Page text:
stability
mobility
flexibility

Power clean & press

full body explosive strength

the sub goals (front squat, etc) are basically what I feel I will need to accomplish to OH Squat 20reps with my bodyweight.

Power clean & press currently I’m doing 275x2 clean and 225x3 push press at a bw of 168 (bw as of today)… snatch pulls REALLY are what shot up my power clean. If i can snatch pull it high and fast, I can power clean it for 2-3.

Overhead squat, I’m not very close to approaching. I can do 3 with my bodyweight but my olympic squat is pretty fucking weak. I think its a flexibility issue or something’s not firing right. I have a buddy who O-lifts but he lives in the san francisco bay area (8hr drive from me)

I’m visiting him this weekend or next weekend (not sure yet) and he said we’ll figure it out when I’m up there. When I get that straightened out I think I’ll be a LOT closer to that goal.

And yea no benching haha, thing is i figured its cost benefit. Overhead pressing increases my bench because I dont activate my pecs very much when I bench, mostly shoulders and triceps… so why spend time between benching and overhead pressing when i can just focus on one and increase the attributes of both. Plus everyone really likes to say “well bench pressing is in the same plane as punching so its more sport specific”

BULLSHIT.

The punch is such a complicated movement it makes the power clean look like a wrist curl. the kinetic linking involved includes so much its fucking pop-locking in fast forward.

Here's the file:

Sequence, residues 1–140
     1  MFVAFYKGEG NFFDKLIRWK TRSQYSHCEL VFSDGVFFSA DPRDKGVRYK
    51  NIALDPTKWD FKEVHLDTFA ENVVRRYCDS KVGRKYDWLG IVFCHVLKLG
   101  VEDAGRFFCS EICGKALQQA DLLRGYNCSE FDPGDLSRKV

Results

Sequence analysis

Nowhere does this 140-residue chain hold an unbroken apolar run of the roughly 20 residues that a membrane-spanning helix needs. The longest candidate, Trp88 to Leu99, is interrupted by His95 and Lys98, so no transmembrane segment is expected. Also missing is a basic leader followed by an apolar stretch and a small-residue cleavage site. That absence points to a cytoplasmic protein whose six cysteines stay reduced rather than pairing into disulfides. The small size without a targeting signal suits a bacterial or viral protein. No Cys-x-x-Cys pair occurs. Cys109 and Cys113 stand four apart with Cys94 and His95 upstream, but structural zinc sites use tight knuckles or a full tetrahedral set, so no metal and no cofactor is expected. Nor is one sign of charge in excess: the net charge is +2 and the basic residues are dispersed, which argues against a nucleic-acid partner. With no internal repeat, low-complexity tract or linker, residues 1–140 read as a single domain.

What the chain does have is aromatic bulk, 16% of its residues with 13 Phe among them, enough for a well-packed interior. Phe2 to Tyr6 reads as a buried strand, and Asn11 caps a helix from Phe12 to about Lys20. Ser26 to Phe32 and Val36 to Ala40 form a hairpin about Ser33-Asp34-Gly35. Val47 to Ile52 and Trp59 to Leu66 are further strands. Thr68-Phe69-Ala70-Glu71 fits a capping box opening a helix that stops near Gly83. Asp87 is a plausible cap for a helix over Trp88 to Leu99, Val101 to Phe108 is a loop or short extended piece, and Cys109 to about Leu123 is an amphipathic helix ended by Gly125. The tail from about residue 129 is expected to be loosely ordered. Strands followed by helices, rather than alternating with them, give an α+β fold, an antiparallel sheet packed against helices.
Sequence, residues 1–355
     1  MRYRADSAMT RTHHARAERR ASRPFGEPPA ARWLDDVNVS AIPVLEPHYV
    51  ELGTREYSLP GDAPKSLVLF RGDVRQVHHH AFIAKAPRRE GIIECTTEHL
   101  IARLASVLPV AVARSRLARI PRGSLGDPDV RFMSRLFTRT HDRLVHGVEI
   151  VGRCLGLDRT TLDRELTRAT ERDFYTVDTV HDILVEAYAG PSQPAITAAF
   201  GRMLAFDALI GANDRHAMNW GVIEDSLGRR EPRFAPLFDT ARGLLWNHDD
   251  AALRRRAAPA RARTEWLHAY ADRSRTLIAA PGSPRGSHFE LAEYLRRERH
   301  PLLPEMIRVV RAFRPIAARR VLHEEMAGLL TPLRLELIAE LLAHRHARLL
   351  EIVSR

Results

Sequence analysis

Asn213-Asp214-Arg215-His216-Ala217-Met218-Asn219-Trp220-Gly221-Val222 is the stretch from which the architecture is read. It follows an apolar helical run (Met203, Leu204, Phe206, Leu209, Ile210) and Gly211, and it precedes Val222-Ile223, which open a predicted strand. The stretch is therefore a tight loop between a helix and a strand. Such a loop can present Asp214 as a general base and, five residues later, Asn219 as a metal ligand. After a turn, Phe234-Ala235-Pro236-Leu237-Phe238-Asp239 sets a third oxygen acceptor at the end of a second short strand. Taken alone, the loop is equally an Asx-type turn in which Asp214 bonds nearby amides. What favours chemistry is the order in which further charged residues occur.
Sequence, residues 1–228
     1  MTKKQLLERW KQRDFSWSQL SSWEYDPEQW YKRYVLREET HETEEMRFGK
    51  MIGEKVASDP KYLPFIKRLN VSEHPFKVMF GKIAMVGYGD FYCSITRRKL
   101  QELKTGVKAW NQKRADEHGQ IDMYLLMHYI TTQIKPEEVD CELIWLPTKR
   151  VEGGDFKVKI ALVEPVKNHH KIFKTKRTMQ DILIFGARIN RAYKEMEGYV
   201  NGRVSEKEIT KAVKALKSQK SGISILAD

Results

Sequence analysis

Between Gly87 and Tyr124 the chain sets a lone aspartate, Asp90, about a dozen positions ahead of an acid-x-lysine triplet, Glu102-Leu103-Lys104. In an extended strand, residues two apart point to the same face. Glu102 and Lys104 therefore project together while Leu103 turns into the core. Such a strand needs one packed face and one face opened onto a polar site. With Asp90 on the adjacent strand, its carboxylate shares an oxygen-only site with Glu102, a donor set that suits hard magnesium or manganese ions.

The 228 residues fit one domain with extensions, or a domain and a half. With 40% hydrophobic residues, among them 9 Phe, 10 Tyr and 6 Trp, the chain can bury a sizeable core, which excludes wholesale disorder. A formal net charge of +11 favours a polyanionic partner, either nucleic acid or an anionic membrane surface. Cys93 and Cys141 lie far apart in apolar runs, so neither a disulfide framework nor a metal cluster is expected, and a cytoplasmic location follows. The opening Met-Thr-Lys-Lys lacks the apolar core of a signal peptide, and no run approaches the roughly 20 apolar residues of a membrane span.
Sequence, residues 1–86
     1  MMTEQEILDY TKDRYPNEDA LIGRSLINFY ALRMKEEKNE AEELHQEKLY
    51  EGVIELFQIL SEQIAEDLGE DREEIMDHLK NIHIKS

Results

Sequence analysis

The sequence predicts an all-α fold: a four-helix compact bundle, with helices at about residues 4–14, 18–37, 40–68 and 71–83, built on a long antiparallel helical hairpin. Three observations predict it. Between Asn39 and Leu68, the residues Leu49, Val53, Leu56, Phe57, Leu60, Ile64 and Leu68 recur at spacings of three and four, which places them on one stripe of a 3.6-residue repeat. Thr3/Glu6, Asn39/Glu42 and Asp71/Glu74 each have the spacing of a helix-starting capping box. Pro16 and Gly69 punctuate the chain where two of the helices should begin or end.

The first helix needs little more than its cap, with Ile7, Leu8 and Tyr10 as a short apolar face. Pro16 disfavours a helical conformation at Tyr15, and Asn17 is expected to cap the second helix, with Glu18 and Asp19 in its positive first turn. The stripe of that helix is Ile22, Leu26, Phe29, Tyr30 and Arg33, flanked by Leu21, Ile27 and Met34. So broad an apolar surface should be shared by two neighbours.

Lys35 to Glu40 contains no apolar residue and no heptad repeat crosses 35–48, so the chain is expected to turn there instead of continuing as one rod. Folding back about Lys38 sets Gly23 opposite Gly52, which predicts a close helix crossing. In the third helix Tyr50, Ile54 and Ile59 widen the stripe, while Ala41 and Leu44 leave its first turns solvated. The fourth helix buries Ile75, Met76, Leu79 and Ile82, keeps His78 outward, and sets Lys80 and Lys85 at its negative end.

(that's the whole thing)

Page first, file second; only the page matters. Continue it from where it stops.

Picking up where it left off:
If you bench like you punch you’d either hurt yourself or not be benching period.

what you need to do (imo of course) is increase the attributes that effect your punch through ME/DE/RE (dumbed down is basically strength, explosiveness, and hypertrophy)
and where you apply this new strength is in hitting the bag and actually training the technique. which is why i feel its so important to include this in the accessory work.

I can flat bench 125lb dumbbells for a triple, but I never felt that carry over to my punching. I front squat more, and bam my striking (period, kicks, knees, elbows, everything) goes up. so i started to focus more on whats important and what i see WORK rather than just heresay a lot of strength coaches toss around.